I just had a conversation with a twenty-eight-year-old about getting out to vote next month in the mid-term elections. He didn’t plan to make the effort, as he didn’t feel it made any difference. When I reminded him that he was the one kicking everyone’s butt to vote a decade ago, he mumbled, “That was then. This is now.” Not only is he not encouraging peers to vote… he’s not making the effort himself.
When social scientists first introduced us to this population of kids called the “Millennial Generation” in 1999, they were optimistic, civic-minded, and socially active. Today, you can easily find a bit of cynicism in them. One university dean put it this way: “A few years back, these students planned to change the world. Now, it appears they’ve changed their minds.”
What a difference a decade makes, right?
Trust is Dropping Among Students
Jean Twenge, lead author of a study that was published last month in the online edition of the journal Psychological Science, says the current atmosphere — fed by the Great Recession, mass shootings, and everything from church sex abuse scandals and racial strife to the endless parade of publicly shamed politicians, athletes and celebrities — may help explain why this young generation’s trust levels hit an all-time low in 2012 (the most recent data available).
In the mid-1970s, when baby boomers were coming of age, about a third of high school seniors agreed that “most people can be trusted.”
That dropped to 18% in the early 1990s for Gen Xers — and then, in 2012, to just 16% of Millennials.
The researchers also found that Millennials’ approval of major institutions — from Congress and corporations to the news media and educational and religious institutions — dropped more sharply than other generations in the decade that followed the terrorist attacks of September 11, 2001.
“Young people today feel disconnected and alienated,” says Twenge, a psychologist and professor at San Diego State University, who wrote a book on Millennials called Generation Me. She finds these outcomes “especially distressing” for a generation that had been expected to be more trusting of government.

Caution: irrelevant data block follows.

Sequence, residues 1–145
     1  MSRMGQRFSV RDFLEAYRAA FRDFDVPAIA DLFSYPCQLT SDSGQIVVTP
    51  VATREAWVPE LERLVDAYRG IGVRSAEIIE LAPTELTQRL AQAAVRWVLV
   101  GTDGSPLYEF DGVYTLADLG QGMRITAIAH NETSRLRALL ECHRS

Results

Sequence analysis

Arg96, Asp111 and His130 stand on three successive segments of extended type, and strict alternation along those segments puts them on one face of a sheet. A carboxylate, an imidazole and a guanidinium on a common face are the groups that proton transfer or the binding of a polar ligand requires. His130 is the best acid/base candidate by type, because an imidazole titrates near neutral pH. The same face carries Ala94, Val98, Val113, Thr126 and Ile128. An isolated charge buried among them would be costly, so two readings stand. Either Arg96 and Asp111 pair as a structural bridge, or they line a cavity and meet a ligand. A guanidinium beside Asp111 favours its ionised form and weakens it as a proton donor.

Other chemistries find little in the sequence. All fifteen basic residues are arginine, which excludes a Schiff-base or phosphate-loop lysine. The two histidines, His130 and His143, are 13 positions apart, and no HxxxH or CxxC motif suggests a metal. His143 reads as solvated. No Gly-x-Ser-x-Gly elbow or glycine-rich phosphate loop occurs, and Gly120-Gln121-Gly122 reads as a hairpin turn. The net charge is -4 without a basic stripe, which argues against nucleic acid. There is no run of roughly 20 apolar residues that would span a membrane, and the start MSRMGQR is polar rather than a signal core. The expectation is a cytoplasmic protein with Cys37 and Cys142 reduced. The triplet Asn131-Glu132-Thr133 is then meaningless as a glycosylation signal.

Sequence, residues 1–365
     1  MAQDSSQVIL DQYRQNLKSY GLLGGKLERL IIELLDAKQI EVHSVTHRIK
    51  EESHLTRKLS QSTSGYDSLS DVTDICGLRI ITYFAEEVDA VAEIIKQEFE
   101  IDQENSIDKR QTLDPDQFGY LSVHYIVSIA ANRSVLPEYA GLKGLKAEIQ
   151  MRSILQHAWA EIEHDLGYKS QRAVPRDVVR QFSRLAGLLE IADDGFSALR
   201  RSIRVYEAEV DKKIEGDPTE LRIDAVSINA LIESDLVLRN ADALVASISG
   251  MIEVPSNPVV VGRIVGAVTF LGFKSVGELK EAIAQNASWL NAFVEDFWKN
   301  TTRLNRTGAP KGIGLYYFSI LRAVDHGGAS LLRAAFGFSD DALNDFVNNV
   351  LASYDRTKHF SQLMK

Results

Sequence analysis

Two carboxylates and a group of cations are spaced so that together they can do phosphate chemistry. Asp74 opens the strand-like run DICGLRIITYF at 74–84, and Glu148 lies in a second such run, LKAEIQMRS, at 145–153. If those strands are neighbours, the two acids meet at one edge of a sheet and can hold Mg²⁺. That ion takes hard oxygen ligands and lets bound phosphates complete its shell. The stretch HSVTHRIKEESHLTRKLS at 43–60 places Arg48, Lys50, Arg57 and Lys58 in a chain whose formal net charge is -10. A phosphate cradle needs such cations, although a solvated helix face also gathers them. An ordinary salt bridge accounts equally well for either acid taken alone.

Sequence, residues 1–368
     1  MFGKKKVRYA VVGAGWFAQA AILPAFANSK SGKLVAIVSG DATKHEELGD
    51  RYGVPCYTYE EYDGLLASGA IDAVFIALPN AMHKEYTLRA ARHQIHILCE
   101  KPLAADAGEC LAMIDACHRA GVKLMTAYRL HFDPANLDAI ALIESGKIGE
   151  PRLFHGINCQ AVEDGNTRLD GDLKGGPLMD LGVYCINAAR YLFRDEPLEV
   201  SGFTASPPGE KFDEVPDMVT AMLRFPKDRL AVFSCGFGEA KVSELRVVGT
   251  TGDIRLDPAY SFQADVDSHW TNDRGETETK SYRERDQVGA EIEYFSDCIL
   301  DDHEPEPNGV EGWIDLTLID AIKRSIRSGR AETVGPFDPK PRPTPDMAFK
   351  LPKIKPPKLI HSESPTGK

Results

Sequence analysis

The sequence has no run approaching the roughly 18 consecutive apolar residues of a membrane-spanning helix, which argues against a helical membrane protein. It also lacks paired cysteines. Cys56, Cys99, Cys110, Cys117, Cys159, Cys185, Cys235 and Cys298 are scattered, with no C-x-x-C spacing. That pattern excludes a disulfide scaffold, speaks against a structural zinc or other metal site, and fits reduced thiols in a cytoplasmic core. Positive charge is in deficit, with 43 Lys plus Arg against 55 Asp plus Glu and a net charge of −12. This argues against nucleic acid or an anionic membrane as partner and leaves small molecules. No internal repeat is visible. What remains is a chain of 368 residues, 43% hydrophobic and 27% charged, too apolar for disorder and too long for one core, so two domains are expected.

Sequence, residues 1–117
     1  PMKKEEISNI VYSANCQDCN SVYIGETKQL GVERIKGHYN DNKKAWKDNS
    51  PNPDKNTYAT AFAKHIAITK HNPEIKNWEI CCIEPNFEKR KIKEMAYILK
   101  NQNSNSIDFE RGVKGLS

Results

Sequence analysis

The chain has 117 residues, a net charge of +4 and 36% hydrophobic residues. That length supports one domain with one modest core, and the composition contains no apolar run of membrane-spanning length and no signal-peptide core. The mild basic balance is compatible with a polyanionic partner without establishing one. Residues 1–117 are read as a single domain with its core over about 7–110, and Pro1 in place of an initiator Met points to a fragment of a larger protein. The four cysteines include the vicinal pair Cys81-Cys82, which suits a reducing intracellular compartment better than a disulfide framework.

For instance, in 2000-2002, 49% of 12th graders who were surveyed said Congress was doing a “good” or “very good” job, compared with just 22% who said the same in 2010-2012. 30% of young boomers were approving in the mid-1970s, and 33% of Gen Xers were approving in early 1990s. (The researchers benchmark these figures every three years to assure they‘re comparing consistent trends. The margin of error is plus or minus 1 percentage point.)
What’s more, in 2000-2002, 54% of 12th graders approved of the job large corporations were doing. That fell to 33% by 2010-12. 40% of boomers approved in the mid-1970s, and 48% of Gen Xers approved in the early 1990s. During that decade, Millennials also had notable drops in approval of colleges and universities, the news media, public schools and religious institutions. Ugh. What have we done?
So How Can We Help Them Learn to Trust?
Call me crazy, but I don’t think society can operate successfully without people learning and earning trust. Marriages don’t work, friendships don’t work, business deals don’t work, bi-partisan politics doesn’t work, and international treaties don’t work. Trust is a must. So how can we begin to cultivate trust in students?
- Start with your own circle. Build trust among your team members by doing what you say, saying what you mean, and following through on promises.
- Under-promise and over-deliver. I know it sounds cliché, but commit to less than what you can actually accomplish and surprise them in the end.
- Start small. Trust is built by taking baby steps on issues where the stakes are low. Begin developing trust on your team by demonstrating it in little ways.
- Show trust before you ask for it in return. Extend yourself to others first and demonstrate you trust them with a task or responsibility.
- Be honest. If others sense you talk straight even when it’s hard to hear, they learn to take you at your word. Transparency actually builds trust.
- Eventually, take on a big responsibility. Do something that requires multiple parties to jump in and participate and where trust is essential to succeed.
Join me tomorrow as I interview Dr. Jean Twenge on our Growing Leaders podcast this fall. We will talk about this research and what we can do to cultivate trust in students.